A rated white goods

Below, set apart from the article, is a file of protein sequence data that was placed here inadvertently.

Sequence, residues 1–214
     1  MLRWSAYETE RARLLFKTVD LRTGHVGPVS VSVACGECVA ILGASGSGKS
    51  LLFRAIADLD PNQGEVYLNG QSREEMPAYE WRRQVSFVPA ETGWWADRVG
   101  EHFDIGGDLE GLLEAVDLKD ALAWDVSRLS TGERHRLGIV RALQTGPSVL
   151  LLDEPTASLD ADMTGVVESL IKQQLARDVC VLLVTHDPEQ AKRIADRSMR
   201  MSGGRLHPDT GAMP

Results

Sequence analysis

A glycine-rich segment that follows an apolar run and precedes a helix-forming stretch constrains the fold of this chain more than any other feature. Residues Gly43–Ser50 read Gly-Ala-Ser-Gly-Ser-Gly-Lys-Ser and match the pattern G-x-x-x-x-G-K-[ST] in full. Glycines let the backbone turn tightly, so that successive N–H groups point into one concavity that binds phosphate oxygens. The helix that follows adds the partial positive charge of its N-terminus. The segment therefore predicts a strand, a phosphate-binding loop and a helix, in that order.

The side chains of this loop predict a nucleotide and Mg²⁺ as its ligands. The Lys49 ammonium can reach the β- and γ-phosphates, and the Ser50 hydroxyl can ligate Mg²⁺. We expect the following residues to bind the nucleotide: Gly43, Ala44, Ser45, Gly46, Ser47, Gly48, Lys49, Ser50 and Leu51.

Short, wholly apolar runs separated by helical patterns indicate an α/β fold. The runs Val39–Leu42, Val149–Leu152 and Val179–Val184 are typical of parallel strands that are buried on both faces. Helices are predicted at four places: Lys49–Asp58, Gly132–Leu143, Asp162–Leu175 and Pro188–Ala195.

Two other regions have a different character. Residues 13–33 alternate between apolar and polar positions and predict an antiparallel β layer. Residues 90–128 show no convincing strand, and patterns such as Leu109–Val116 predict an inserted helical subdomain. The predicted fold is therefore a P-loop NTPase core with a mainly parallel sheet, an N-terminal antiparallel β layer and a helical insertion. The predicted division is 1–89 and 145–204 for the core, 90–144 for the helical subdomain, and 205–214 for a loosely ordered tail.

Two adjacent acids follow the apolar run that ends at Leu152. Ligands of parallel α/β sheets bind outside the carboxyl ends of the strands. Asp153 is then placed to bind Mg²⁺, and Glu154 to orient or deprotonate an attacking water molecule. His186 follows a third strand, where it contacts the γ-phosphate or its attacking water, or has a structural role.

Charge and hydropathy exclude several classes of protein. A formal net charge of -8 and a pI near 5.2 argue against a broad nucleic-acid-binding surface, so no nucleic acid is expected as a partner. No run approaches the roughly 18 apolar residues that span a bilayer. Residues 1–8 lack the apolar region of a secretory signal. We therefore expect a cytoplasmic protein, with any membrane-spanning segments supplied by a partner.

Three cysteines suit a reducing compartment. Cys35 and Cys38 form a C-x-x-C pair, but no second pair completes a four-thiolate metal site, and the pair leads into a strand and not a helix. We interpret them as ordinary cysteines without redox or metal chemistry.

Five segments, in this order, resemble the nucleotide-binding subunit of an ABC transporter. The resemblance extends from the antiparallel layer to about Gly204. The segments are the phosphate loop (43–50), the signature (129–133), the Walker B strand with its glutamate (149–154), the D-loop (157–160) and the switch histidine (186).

We are in the process of completely re-vamping the kitchen and this is not only involving the usual stuff like replacing units, worktops and tiles etc.  But we are also replacing the white consumer goods, the fridge, freezer, washing machine and dishwasher.  Obviously I’m very keen on getting A rated or even A+ rated ones.  But whilst browsing in the high street electrical retailers like Currys and Comet, I noticed that it is very expensive to move up a class and especially from B to A.  Also take a freezer for example, it stated on the energy performance certificate that it used 250 KWH per year on average for the B and 176 KWH per year for the A rated on.  So 74 KWH and between models (from the same manufacturer) it cost nearly £100.  Whilst the main aim isn’t a financial saving for me, it as for everyone, it would go a long way.  So assuming a KWH costs around £0.10 (slightly high), then you’d be saving £7.40 per year on the running cost and the payback would be over 10 years.  Not a great business case is it.  As I said earlier, the financial side of the purchase isn’t my main consideration, but I do like to try and get value for money.  What got me thinking about this blog post really is, if the saving actually paid for the extra cost in a reasonable amount of time, lets say 3 years, then I’m sure more people would be interested in moving up a class in the ratings.  Surely, white goods are an easier target for energy savings in the home, because we mostly change them more frequently than major energy saving improvements like new boilers, solar panels and similar.  Of course these major changes have been and still maybe grant funded, but it will be interesting to see if the recently annouced new government green bank idea will include white goods.